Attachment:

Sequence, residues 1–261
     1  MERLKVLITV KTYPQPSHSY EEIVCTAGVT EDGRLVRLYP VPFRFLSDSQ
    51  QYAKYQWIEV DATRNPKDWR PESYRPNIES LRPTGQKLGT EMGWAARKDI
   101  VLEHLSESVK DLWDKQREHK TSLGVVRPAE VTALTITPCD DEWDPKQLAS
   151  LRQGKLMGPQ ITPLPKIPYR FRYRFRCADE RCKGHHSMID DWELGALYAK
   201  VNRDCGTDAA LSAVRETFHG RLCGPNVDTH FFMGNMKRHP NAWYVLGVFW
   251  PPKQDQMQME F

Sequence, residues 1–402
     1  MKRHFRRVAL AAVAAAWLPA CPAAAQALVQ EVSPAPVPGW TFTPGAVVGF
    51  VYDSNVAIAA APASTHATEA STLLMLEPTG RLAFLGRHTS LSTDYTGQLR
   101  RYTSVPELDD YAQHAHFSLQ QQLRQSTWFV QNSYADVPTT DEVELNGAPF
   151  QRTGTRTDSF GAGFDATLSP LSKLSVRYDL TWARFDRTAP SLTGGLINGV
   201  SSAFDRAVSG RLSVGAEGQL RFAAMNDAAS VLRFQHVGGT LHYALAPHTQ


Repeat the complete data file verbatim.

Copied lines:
Sequence, residues 1–261
     1  MERLKVLITV KTYPQPSHSY EEIVCTAGVT EDGRLVRLYP VPFRFLSDSQ
    51  QYAKYQWIEV DATRNPKDWR PESYRPNIES LRPTGQKLGT EMGWAARKDI
   101  VLEHLSESVK DLWDKQREHK TSLGVVRPAE VTALTITPCD DEWDPKQLAS
   151  LRQGKLMGPQ ITPLPKIPYR FRYRFRCADE RCKGHHSMID DWELGALYAK
   201  VNRDCGTDAA LSAVRETFHG RLCGPNVDTH FFMGNMKRHP NAWYVLGVFW
   251  PPKQDQMQME F

Sequence, residues 1–402
     1  MKRHFRRVAL AAVAAAWLPA CPAAAQALVQ EVSPAPVPGW TFTPGAVVGF
    51  VYDSNVAIAA APASTHATEA STLLMLEPTG RLAFLGRHTS LSTDYTGQLR
   101  RYTSVPELDD YAQHAHFSLQ QQLRQSTWFV QNSYADVPTT DEVELNGAPF
   151  QRTGTRTDSF GAGFDATLSP LSKLSVRYDL TWARFDRTAP SLTGGLINGV
   201  SSAFDRAVSG RLSVGAEGQL RFAAMNDAAS VLRFQHVGGT LHYALAPHTQ